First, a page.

It was, however, merely a dry run for the extraordinary The Dark Knight in 2008. Nolan's appreciably grounded take on outlandish comic book mythology found its centre in Heath Ledger's Joker, no campy pantomime villain but a terrifying embodiment of chaos. Nolan's ability to reshape the cinematic perception of Batman resulted in astonishing grosses of more than $1 billion, plus a posthumous Oscar for the late Ledger. With the release of The Dark Knight, many alleged that comic book movies had crossed into the realm of the art house for the first time.
So ear-splitting was The Dark Knight's success that any successor was bound to struggle. In particular, the late Ledger's absence would leave a sizeable hole. Which villain, and which actor, could possibly fill it in trilogy capper The Dark Knight Rises? Added to that was the general pressure of resolving the wider trilogy: so consummate was The Dark Knight in its command of psychology and thrilling set-pieces that it was hard to imagine how Rises could possibly top it.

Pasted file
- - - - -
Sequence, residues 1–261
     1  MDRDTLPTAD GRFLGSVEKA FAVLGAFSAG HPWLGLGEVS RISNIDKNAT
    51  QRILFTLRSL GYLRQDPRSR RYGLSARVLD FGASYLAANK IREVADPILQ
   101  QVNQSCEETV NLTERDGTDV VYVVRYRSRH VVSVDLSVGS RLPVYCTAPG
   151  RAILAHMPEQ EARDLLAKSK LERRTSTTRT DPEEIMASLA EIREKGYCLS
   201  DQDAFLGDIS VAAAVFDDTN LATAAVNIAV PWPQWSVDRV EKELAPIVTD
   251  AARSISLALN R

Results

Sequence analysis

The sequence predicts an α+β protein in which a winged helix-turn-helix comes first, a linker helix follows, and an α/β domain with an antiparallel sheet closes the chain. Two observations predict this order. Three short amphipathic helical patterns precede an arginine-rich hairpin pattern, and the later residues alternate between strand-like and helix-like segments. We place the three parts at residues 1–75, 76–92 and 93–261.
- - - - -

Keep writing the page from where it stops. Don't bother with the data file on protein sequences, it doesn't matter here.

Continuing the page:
Nolan was adamant that the film acted as an ending, firmly drawing a line under his Batman screen saga: "Unlike the comics, these things don't go on forever in film and viewing it as a story with an end is useful. Viewing it as an ending, that sets you very much on the right track about the appropriate conclusion."
In fact, in his book The Art and Making of the Dark Knight Trilogy, Nolan confessed that he hadn't envisaged a third film. That said, Batman Begins screenwriter David S. Goyer had, back in 2005, conceived multiple treatments involving the Joker, with elements variously incorporated into both The Dark Knight and The Dark Knight Rises. It had been reported that Ledger was interested in reprising the Joker role prior to his death, but Nolan later removed the character entirely out of respect.